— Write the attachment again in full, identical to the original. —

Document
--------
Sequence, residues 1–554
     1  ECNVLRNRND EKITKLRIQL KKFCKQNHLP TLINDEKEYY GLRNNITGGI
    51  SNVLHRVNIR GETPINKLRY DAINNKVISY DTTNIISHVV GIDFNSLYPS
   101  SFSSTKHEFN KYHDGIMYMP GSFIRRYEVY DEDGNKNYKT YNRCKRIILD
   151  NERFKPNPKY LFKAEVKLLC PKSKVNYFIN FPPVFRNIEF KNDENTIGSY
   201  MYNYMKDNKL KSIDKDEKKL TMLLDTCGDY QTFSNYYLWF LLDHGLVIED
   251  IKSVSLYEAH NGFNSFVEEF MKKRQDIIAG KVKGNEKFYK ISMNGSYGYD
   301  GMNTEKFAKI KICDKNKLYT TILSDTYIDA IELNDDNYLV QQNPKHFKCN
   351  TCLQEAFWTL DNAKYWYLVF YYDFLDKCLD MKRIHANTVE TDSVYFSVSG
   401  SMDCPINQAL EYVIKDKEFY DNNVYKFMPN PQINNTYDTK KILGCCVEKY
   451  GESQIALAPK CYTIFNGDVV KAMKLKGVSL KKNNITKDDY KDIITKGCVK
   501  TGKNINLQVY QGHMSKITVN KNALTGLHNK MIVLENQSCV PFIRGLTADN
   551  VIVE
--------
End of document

Sequence, residues 1–554
     1  ECNVLRNRND EKITKLRIQL KKFCKQNHLP TLINDEKEYY GLRNNITGGI
    51  SNVLHRVNIR GETPINKLRY DAINNKVISY DTTNIISHVV GIDFNSLYPS
   101  SFSSTKHEFN KYHDGIMYMP GSFIRRYEVY DEDGNKNYKT YNRCKRIILD
   151  NERFKPNPKY LFKAEVKLLC PKSKVNYFIN FPPVFRNIEF KNDENTIGSY
   201  MYNYMKDNKL KSIDKDEKKL TMLLDTCGDY QTFSNYYLWF LLDHGLVIED
   251  IKSVSLYEAH NGFNSFVEEF MKKRQDIIAG KVKGNEKFYK ISMNGSYGYD
   301  GMNTEKFAKI KICDKNKLYT TILSDTYIDA IELNDDNYLV QQNPKHFKCN
   351  TCLQEAFWTL DNAKYWYLVF YYDFLDKCLD MKRIHANTVE TDSVYFSVSG
   401  SMDCPINQAL EYVIKDKEFY DNNVYKFMPN PQINNTYDTK KILGCCVEKY
   451  GESQIALAPK CYTIFNGDVV KAMKLKGVSL KKNNITKDDY KDIITKGCVK
   501  TGKNINLQVY QGHMSKITVN KNALTGLHNK MIVLENQSCV PFIRGLTADN
   551  VIVE